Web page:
The QA Commons is mindful of the dramatic and transformational impact COVID-19 is having on all institutions of higher education. As an organization, we are adapting our services to support preparing graduates for the workplace that is now changing more precipitously than ever.
The rise of Artificial Intelligence is causing rapid change in jobs and workplaces. While we cannot predict what exactly the future will look like, we know it is going to be different! Workers will need to be able to learn and adapt – else be left behind.
We asked ChatGPT, “How will AI change the need for employability skills in the workplace?” The answer (retrieved November 7, 2023) was that “Employability skills will evolve to encompass a blend of technical and soft skills that enable individuals to work effectively alongside AI, leverage its capabilities, and contribute value in areas where human traits and judgment are essential. As a result, individuals who can adapt to this changing landscape and acquire the necessary skills will be well-prepared for the future of work.”
“Learning & Adaptability” is one of QA Commons’ eight Essential Employability Qualities. It includes approaching new or unfamiliar work and uncertainty with agility and openness; considering strengths and areas for improvement, per feedback from supervisors and one’s own self-reflection of strengths and weaknesses; and seeking out and engaging in formal and informal professional learning opportunities on a continuing basis. Interestingly, in QA Commons’ work with education and training providers, “Learning & Adaptability” is frequently the EEQ that faculty and instructors struggle the most to incorporate within the curriculum. Below are a few ideas for educators to consider.
Solution #1: Reflection, Reflection, Reflection
Reflecting on one’s experiences, actions, and decisions helps one become more aware of strengths, weaknesses, values, and beliefs. This self-awareness is a fundamental step in personal and professional development. QA Commons suggests programs incorporate reflective exercises into the curriculum. Asking students to reflect on the way they approached an assignment and prompting them to think about and describe both what they did well and what they could have done better brings learning to the next level. Providing students with criteria for assessing their own work can be a good way to ensure students are on the right track with their reflection. Another idea is to have students prepare a personal “SWOT” analysis in which students assess their strengths, weaknesses, opportunities, and threats with respect to their learning and career growth. In 2023, QA Commons highlighted an exemplary internship program at Murray State University in which students engage in reflective exercises throughout their internship – helping them get the most possible learning out of their experience.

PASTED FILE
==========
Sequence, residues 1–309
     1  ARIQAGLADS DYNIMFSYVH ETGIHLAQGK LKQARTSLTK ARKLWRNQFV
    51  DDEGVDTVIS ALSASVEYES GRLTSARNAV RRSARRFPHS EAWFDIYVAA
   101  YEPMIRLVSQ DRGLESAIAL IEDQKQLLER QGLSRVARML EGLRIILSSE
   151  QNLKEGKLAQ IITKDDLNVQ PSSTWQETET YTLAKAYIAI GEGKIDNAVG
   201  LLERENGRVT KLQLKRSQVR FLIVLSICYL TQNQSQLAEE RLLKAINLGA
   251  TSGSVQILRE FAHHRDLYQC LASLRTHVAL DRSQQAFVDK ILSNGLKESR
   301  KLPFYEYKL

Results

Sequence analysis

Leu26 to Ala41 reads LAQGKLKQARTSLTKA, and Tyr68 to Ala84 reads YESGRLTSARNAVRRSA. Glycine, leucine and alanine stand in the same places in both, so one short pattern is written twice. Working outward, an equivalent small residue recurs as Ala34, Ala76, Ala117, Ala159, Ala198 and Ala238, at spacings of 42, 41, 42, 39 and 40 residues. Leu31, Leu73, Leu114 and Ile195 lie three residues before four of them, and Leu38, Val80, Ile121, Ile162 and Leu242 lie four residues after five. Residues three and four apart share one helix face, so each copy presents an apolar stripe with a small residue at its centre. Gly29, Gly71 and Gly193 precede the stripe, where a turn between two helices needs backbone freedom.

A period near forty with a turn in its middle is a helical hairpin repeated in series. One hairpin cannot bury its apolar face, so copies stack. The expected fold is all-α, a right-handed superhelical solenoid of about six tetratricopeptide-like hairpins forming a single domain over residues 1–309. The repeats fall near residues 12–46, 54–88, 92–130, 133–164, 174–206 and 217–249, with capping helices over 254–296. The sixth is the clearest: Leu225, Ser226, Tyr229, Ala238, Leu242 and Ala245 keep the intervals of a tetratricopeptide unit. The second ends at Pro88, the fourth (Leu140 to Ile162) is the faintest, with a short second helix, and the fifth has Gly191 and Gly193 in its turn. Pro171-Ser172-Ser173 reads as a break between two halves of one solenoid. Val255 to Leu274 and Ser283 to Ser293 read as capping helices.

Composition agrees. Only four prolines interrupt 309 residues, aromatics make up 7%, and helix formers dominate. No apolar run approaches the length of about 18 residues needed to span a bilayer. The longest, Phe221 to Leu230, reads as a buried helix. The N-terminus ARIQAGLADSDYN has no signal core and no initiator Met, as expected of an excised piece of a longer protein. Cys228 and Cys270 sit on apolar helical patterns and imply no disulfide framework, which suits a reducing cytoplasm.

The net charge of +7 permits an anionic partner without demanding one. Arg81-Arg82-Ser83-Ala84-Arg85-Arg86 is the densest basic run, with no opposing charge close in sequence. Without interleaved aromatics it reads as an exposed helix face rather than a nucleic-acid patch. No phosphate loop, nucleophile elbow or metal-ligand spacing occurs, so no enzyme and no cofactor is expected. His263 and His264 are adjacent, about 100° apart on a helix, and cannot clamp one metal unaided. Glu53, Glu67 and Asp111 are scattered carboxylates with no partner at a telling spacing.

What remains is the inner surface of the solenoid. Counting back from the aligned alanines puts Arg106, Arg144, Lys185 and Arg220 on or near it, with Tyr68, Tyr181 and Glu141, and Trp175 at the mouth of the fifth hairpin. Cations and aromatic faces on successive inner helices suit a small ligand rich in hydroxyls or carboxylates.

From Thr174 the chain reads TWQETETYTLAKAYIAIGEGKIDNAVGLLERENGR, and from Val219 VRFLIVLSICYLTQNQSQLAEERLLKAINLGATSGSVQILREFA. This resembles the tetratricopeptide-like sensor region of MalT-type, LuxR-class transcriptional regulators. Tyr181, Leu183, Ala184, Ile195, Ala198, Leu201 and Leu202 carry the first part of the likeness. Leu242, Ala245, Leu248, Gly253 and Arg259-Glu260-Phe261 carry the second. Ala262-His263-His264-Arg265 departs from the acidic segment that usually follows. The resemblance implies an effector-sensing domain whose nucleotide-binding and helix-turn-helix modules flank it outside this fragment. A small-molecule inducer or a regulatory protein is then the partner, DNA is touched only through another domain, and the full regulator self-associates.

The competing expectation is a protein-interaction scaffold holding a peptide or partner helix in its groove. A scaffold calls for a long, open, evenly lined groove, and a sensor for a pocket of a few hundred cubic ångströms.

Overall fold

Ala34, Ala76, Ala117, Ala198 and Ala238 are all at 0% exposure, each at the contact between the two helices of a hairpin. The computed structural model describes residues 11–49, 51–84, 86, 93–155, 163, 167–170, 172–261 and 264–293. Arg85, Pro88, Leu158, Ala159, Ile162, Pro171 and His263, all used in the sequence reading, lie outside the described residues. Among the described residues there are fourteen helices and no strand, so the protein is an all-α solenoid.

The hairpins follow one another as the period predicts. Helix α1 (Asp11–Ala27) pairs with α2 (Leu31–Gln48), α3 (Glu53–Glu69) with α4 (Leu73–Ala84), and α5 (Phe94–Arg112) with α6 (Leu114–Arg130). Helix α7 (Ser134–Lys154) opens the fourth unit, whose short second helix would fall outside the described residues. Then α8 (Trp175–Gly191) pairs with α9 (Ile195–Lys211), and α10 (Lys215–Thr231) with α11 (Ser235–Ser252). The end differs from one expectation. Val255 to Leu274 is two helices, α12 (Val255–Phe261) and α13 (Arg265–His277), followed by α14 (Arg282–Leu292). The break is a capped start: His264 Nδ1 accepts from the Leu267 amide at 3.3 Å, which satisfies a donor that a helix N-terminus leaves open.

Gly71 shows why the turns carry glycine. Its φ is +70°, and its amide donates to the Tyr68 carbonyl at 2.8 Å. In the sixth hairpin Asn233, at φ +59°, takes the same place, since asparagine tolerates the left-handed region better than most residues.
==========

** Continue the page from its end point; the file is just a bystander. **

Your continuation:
Solution #2: Allow (and Encourage) Students to Make Mistakes
Traditional education systems often place a strong emphasis on achieving high grades and conforming to strict standards, which can create pressure for perfection and dissuade risk taking and creativity. But mistakes are the best way to learn! When you make a mistake, there is a clear, immediate, and memorable opportunity for feedback. Mistakes are valuable opportunities for growth and improvement.
Programs might make a point of developing some exercises that offer a threat-free exercise and environment that encourages risk-taking and making mistakes. Another idea is to set up a discussion session around embracing challenges, persisting in the face of setbacks, and viewing failures as learning opportunities. In these sessions, students might share and celebrate their biggest failures – and what they learned from them.
Solution #3: Throw Students for a Loop
Course and grading rubrics are an educational best practice. However, when used incorrectly or inflexibly, they can stifle creativity and adaptability. Rubrics are often extremely structured and prescriptive and can promote conformity. While there are good reasons to outline for students exactly what is expected of them to succeed, this is not always how things play out in the workplace. What would happen if, in one exercise of the semester, the instructor purposefully threw students for a loop and suddenly “changed the assignment”? Of course, students would need to be given enough time to manage their schedules, but the grading rubric might actually include points for students’ “ability to pivot.” Another approach is to offer students loose guidelines for success, without being overly prescriptive. Assignments in the workplace are generally open-ended, with few instructions other than reaching the end goal. Students need practice in figuring out their own problem solving steps.
Continuous improvement is an organizational value at QA Commons. We reflect and adapt as we strive to make our services better and better. We’d like to help your students do the same. We hope you’ll reach out to discuss how we might work together in 2024!
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